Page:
Desperately Seeking Moses

I’m finding it useful to write in the morning to empty the recesses of my mind of thoughts that obstruct progress toward completing the day’s tasks. This morning I cannot shake the image of New Life Baby Home, and the very real knowledge that there are children in this world, living and breathing and laughing, who need parents. And then there’s me and R, who really want to parent. Between us there’s a Red Sea of prejudice and Moses is out on another call. 

I cannot believe that God prefers for children to live without dedicated parents. Without unconditional, deep and imperfect human love. And I guess it’s that belief that propels me forward, even to the brink of what could be perceived as antagonism, until I meet a wall I know I cannot climb.

I’ve read many articles in the popular press that condemn women and couples using assisted reproductive technology. Authors and commenters ask why these families don’t do the world a favor and “just adopt.” Buried in that phrase is the implication that adoption is simple. Dig one layer further and you’ll find the notion that adoption is distinct purview of infertile couples. Neither is true, and I’d like to see a more realistic public discussion of the very real impact of sexism, homophobia, and class on the various pathways to parenthood. 

In the meantime, I’ll be looking for Moses.

 

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3 responses to “Desperately Seeking Moses

  1. Among my friends on Facebook has been a continuous conversation about Christmas presents and kids. One of the most common themes is gender specific toys. My favorite response to this was a diagram that you could use to determine if the toy was appropriate for your child, whether they were a boy or girl. There were two ways to go on this diagram. Option 1: Do you need to use your genitals to play with this toy? Answer: Clearly this is not suitable for a child. My point being that there are many, many traits that make my spouse and I parents. Our sexuality is not one of them.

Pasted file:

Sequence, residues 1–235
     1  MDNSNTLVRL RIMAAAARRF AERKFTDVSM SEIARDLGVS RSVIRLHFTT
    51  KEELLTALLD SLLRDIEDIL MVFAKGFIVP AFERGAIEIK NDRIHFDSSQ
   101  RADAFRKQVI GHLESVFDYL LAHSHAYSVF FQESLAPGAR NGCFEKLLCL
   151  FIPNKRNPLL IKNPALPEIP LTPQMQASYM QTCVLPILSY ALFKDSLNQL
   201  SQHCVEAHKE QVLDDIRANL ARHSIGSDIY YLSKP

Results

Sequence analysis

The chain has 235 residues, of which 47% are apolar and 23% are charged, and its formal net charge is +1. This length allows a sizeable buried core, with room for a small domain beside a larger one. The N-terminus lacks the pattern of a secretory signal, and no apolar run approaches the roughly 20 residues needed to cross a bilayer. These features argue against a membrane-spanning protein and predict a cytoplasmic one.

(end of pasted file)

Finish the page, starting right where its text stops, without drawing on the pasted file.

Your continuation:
We also chose not to pursue adoption because we knew that my husband’s heart condition would make it impossible. What does this say about our world? We can bring three brand new people into it but can’t care for one that is already here? Ridiculous!

    • I often think about the very stringent requirements for adoption, and how different our world might look if every parent were required to undergo counseling, enroll in child development classes, specify a parenting plan, pass a criminal background and financial investigation, pay $12,000-30,000 and then wait 12-30 months for a child.

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